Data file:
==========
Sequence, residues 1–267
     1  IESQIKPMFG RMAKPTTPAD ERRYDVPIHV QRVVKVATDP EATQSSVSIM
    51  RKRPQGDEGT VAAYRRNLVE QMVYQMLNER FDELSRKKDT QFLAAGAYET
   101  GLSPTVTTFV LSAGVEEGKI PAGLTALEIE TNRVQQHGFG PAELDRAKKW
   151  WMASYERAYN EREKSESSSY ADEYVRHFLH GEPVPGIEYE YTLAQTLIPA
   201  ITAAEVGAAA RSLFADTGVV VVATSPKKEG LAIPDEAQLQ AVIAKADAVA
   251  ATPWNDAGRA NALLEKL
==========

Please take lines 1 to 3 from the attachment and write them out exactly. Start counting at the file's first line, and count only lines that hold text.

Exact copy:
Sequence, residues 1–267
     1  IESQIKPMFG RMAKPTTPAD ERRYDVPIHV QRVVKVATDP EATQSSVSIM
    51  RKRPQGDEGT VAAYRRNLVE QMVYQMLNER FDELSRKKDT QFLAAGAYET